Back to 5th grade. As I mentioned, it was a new school in a new town in a new state. I had made a friend, but other than my one friend life was pretty lonely. I was clearly an outcast, and struggled to find things in common with “kids” my age. I always felt as though I was quite a bit ahead of them life wise, and I clearly had street smarts that few, if any, of them had ever cultivated. I was just in a different place, physically and figuratively. I was becoming increasingly curious about drugs, and I was confident that using was my next step. I approached Debbie with my request first, and she couldn’t have been more proud. She was downright happy at the thought of us using together, but Jerry was a little bit of a harder sell. It didn’t take much (if anything) to convince him and before I knew it, we were all three sitting around the kitchen table of our 1 bedroom apartment over the Laundromat. My first hit was easy, I had been watching for so many years it just came naturally. D and J were proud of my ability to hold it down, and we all sat there around the kitchen table getting high. D and J were kind to me this day, there was no fighting, no arguing, no hitting….just family bonding in our own strange and twisted way. It’s literally one of the days that I remember feeling quite loved. I was 10 years old. By the time I left their home, I was regularly smoking crack cocaine and daily smoking marijuana. As I write this, even all these years and a whole lifetime later, it’s still somewhat painful and shocking. I never considered myself a child then, but looking at it now from the lens of an adult and a mother, it just sickens me.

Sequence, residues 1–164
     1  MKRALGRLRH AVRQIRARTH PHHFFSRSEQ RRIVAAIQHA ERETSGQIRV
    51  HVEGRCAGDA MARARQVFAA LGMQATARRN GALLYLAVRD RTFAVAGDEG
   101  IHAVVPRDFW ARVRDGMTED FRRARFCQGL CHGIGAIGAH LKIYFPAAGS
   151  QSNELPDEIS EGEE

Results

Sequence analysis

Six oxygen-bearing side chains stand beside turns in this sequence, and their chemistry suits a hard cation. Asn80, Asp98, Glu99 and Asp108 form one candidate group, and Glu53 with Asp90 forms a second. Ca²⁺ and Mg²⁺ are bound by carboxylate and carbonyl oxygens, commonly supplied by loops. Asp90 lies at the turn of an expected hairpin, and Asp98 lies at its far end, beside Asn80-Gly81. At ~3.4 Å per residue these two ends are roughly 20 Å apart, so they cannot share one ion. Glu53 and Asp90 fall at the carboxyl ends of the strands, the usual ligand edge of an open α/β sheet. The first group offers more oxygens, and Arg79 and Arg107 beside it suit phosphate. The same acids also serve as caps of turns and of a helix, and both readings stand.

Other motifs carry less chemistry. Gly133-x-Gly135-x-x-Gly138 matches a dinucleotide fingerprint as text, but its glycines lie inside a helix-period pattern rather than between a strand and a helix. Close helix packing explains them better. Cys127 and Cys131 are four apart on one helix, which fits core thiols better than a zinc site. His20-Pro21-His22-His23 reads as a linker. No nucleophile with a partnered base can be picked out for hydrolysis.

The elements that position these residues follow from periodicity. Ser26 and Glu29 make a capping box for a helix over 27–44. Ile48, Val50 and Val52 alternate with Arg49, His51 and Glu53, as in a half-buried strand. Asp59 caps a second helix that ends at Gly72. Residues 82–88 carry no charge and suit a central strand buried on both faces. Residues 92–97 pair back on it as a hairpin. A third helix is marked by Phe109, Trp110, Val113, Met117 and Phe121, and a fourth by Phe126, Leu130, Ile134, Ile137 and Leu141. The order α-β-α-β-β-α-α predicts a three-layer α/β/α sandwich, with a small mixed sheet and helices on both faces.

When I was placed in my second foster placement (for the privacy of this person I will call them U) I was placed with a user. U would frequently use with D and J, and I knew U very very well. U and I had used when I was still living with D and J, and it just seemed natural that I would continue. U (an adult with a family and now a foster child) offered to let me use and I did. We would do drugs in the basement while U’s family would walk around above us upstairs. I had a good relationship with U and I know U cared for me very much…U wanted me to be safe and happy, but I don’t think that U could see that this situation wasn’t appropriate. I don’t harbor ill feelings, in fact quite the opposite, for U. U is someone I hold a special place in my heart for and I’m thankful for the attempt at providing me with stability and safety. It was me that finally understood the situation, and made the decision to change. I was 13. I knew that being with U would enable me to continue using and I knew that the vision of the future I wanted was NOT going to come with drugs in my life. Period. It’s taken me many years to consider myself a “victim” in any way, and although it’s easy to accept that I was a victim of physical abuse and assault, it’s really hard to consider myself a victim of the drug use. I chose to use the drugs….every.single.time. I was never forced, it was never imposed on me. I did it because I wanted to. I did it when I wanted to. I used as much as I wanted to. I had a choice, and I made decisions based on my wants and desires. I didn’t “need” to use, I wanted to and I liked being accepted in those circles and life was more tolerable high. What I saw being constantly surrounded with drugs and drug users was people putting themselves in an environment where they could obtain and entertain their addictions. The people I would see day in and day out were controlled by their addictions because they wanted to be controlled by them. They put their want for the high above anyone and anything else in life. Its harsh I suppose, but I saw people that WANTED to get high, be high and stay high.